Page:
Telcos differ on uniform annual spectrum charges
In fresh sparring among telecom players, major differences have emerged in the industry over the government’s proposal to impose uniform annual spectrum charges at reduced rate of 4.5 per cent on all players over revenue earned by them from telephony services.
While industry body COAI has cited a study showing reducing SUC by 1 per cent can increase GDP by about Rs 1.76 lakh crore, another telcos lobby AUSPI has cited loss of about Rs 1.65 lakh crore to national exchequer if government meets the former’s demand.
COAI, which represents operators like Airtel, Vodafone, Idea Cellular, has written to Telecom Secretary J S Deepak demanding uniform spectrum usage charge on all companies, but at 3 per cent level.
It has said that one of its members, Reliance Jio Infocomm, has differed on its view.
“It is submitted that except for one of the Telecom Service Providers, the entire industry strongly believes that a uniform fee would not only result in a level playing field but will also remove the ambiguities, arbitrages and their misuse,” COAI Director General Rajan S Mathews said in the letter dated May 4.
Reliance Jio did not comment on the latest move of COAI but earlier it had opposed uniform SUC on telecom operators as demanded by the industry body.
Opposing the COAI’s demand, AUSPI, which represents Reliance Communications and Tata Teleservices, said, “The proposal of ex post-facto reduction in SUC rate (at 3 per cent) is not only against the principle of transparency and level playing field, but benefiting only few operators acquired large quantum of spectrum in previous auctions.”
“Proposal of government to have flat rate of SUC for all type of spectrum will lead to a loss of more than Rs 1.65 lakh crore to the government over a period of 20 years and gain to a handful of incumbent operators who have been holding a large amount of spectrum acquired administratively,” AUSPI General Secretary Ashok Sud said in a letter to Telecom Minister Ravi Shankar Prasad and Deepak.
COAI has cited a study by Deloitte which says beside increasing GDP, reducing SUC by 1 per cent can reduce number of people below poverty line by 4.7 per cent.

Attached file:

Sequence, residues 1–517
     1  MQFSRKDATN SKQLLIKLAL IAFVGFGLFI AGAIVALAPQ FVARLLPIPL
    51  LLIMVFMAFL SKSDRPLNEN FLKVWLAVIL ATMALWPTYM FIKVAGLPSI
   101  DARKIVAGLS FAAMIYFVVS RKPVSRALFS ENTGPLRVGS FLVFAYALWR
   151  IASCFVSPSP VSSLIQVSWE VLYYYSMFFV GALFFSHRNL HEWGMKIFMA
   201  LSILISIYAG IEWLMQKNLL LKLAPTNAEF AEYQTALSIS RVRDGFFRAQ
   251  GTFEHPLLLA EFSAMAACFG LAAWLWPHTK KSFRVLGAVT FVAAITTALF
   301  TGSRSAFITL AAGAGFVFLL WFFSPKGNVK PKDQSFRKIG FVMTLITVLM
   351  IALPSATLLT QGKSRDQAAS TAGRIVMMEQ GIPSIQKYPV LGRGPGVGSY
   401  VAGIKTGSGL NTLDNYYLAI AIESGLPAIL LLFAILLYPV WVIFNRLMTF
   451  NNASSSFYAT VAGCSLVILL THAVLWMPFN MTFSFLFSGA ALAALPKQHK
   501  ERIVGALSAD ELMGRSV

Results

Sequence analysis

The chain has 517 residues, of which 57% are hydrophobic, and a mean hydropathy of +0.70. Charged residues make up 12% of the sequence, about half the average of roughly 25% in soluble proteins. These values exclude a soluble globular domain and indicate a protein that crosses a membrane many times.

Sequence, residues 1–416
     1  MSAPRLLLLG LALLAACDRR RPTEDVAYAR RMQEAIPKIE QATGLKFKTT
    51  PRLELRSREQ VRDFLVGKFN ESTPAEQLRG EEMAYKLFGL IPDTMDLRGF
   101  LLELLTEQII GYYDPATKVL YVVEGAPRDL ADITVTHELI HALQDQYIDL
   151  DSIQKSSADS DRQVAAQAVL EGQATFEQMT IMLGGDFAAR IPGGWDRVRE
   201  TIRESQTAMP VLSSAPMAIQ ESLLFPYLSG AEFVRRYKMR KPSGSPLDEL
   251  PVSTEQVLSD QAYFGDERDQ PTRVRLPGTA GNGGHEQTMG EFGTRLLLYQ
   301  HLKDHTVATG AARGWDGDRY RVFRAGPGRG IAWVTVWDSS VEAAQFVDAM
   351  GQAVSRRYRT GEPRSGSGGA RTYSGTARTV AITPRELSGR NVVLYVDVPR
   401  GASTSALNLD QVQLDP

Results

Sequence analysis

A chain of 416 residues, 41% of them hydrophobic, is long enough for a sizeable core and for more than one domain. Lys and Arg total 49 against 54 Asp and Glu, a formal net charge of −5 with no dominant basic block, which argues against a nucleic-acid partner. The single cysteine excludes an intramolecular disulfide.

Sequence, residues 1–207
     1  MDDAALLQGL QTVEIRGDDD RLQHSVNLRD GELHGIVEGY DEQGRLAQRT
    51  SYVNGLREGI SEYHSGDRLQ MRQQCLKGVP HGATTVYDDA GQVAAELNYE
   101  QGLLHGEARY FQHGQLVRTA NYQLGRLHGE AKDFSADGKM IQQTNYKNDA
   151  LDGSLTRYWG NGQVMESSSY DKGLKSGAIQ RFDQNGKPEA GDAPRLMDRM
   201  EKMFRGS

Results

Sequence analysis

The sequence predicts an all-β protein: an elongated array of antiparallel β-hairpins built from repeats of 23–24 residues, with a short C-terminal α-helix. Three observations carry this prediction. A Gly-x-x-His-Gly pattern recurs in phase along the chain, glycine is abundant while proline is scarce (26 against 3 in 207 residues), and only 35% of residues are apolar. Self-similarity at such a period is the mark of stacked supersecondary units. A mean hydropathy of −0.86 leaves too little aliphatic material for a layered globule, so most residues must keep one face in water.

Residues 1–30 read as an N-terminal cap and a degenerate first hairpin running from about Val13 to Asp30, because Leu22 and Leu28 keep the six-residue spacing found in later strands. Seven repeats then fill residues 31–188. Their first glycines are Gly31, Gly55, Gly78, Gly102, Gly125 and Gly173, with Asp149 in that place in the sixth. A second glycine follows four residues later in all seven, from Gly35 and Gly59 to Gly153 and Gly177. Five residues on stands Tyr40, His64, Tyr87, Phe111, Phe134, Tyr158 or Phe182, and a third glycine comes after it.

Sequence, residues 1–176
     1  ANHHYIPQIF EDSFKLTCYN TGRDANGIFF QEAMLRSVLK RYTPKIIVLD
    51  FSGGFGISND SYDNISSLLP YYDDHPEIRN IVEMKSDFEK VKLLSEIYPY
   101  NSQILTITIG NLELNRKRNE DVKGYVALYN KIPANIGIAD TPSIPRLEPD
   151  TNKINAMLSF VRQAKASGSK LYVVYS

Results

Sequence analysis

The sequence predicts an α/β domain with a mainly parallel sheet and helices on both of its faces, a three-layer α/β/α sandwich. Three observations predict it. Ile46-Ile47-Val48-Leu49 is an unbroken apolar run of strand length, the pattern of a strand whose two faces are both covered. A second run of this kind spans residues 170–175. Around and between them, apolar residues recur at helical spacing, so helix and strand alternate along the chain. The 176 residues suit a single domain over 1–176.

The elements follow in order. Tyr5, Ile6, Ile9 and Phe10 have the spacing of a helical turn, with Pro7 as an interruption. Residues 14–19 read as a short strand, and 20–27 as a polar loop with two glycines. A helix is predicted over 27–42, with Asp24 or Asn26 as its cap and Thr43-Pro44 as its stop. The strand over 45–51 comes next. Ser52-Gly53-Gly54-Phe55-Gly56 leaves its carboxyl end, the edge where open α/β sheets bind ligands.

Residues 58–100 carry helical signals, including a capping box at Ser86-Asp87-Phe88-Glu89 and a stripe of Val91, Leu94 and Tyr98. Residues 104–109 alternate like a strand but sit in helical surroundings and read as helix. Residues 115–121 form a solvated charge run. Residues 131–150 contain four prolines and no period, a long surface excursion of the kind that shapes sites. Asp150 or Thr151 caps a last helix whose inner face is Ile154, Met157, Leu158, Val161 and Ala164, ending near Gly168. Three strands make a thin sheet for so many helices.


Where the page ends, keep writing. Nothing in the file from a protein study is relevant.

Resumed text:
The present level of SUC collection by government is around 4.69 per cent of revenues earned by companies from mobile phone services.
Telecom regulator Trai has recommended SUC at uniform rate of 3 per cent across the industry and gradually bring it to 1 per cent.
SUC was earlier linked to quantum of spectrum held by an operator and varied between 3-8 per cent of adjusted gross revenue.
Telecom operators in January 2014 were asked to pay the
weighted average of their existing SUC (on old rate of 3-8 per cent), and 5 per cent if they acquire new spectrum.
Telecom operators provide mobile services using various spectrum bands — 800 Mhz (2G,4G), 900 Mhz (2G,3G,4G), 1800 Mhz (2G,4G), 2100 Mhz (3G), 2300 Mhz (4G) and 2500 Mhz (4G).
According to a source, technical committee at Department of Telecom has suggested levying 4.5 per cent uniform SUC on all operators as it is not possible to ensure their earning from any particular spectrum band for service like 4G.
Trai recommended SUC at uniform rate of 3 per cent across the industry and gradually bring it to 1 per cent.
“As per the GSMA report, even at 1 per cent AGR, tax neutrality will be achieved by 2017,” COAI said.
AUSPI alleged that recommendations of Trai on SUC in September 2013 were given suo-moto just to benefit few incumbent operators.
Inter-ministerial panel Telecom Commission (TC) has decided to take legal opinion on the issue and discuss it along with the technical committee report in the next meeting.
Reduction in SUC by 1 per cent can lead to increase in economy wide investments of about Rs 58,000 crore, tax revenues by Rs 28,000 crore, 3G penetration by 2.3 crore connections and mobile revenues next of tax by Rs 14,600 crore, COAI said citing the Deloitte report.
Reliance Jio has contested this view as it pays only 1 per cent SUC on its spectrum in 2,300 Mhz band and proposal to levy 3 per cent fee would put extra burden on the company.
However, Bharti Airtel, also holding spectrum in 2,300 Mhz band, favours uniform levy, according to COAI submission.